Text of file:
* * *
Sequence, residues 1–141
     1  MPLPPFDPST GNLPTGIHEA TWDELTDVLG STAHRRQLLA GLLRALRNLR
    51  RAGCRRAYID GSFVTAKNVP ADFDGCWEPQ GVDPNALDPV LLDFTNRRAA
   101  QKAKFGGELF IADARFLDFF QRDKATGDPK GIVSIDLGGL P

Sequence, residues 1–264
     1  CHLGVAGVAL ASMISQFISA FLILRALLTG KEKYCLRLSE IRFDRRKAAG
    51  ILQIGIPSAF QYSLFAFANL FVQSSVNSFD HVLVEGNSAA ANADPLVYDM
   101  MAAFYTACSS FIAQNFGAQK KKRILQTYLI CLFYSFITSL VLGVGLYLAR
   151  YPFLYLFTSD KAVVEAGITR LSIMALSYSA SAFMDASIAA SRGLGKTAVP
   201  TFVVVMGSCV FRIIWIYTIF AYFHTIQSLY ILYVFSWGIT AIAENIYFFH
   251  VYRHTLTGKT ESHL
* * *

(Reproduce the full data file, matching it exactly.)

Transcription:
Sequence, residues 1–141
     1  MPLPPFDPST GNLPTGIHEA TWDELTDVLG STAHRRQLLA GLLRALRNLR
    51  RAGCRRAYID GSFVTAKNVP ADFDGCWEPQ GVDPNALDPV LLDFTNRRAA
   101  QKAKFGGELF IADARFLDFF QRDKATGDPK GIVSIDLGGL P

Sequence, residues 1–264
     1  CHLGVAGVAL ASMISQFISA FLILRALLTG KEKYCLRLSE IRFDRRKAAG
    51  ILQIGIPSAF QYSLFAFANL FVQSSVNSFD HVLVEGNSAA ANADPLVYDM
   101  MAAFYTACSS FIAQNFGAQK KKRILQTYLI CLFYSFITSL VLGVGLYLAR
   151  YPFLYLFTSD KAVVEAGITR LSIMALSYSA SAFMDASIAA SRGLGKTAVP
   201  TFVVVMGSCV FRIIWIYTIF AYFHTIQSLY ILYVFSWGIT AIAENIYFFH
   251  VYRHTLTGKT ESHL